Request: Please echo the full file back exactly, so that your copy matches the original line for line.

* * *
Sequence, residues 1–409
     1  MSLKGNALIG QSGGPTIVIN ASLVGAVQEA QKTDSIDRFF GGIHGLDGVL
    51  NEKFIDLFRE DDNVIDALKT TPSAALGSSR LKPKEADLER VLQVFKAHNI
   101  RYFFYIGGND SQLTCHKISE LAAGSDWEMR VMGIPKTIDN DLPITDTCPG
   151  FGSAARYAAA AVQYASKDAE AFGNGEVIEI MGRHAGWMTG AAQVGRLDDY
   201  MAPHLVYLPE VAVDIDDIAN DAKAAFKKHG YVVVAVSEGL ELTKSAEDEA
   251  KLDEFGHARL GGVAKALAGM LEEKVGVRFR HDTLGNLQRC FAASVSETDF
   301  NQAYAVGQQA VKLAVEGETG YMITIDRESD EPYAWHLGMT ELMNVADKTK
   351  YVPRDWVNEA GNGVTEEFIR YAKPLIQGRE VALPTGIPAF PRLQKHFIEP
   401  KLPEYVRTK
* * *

Sequence, residues 1–409
     1  MSLKGNALIG QSGGPTIVIN ASLVGAVQEA QKTDSIDRFF GGIHGLDGVL
    51  NEKFIDLFRE DDNVIDALKT TPSAALGSSR LKPKEADLER VLQVFKAHNI
   101  RYFFYIGGND SQLTCHKISE LAAGSDWEMR VMGIPKTIDN DLPITDTCPG
   151  FGSAARYAAA AVQYASKDAE AFGNGEVIEI MGRHAGWMTG AAQVGRLDDY
   201  MAPHLVYLPE VAVDIDDIAN DAKAAFKKHG YVVVAVSEGL ELTKSAEDEA
   251  KLDEFGHARL GGVAKALAGM LEEKVGVRFR HDTLGNLQRC FAASVSETDF
   301  NQAYAVGQQA VKLAVEGETG YMITIDRESD EPYAWHLGMT ELMNVADKTK
   351  YVPRDWVNEA GNGVTEEFIR YAKPLIQGRE VALPTGIPAF PRLQKHFIEP
   401  KLPEYVRTK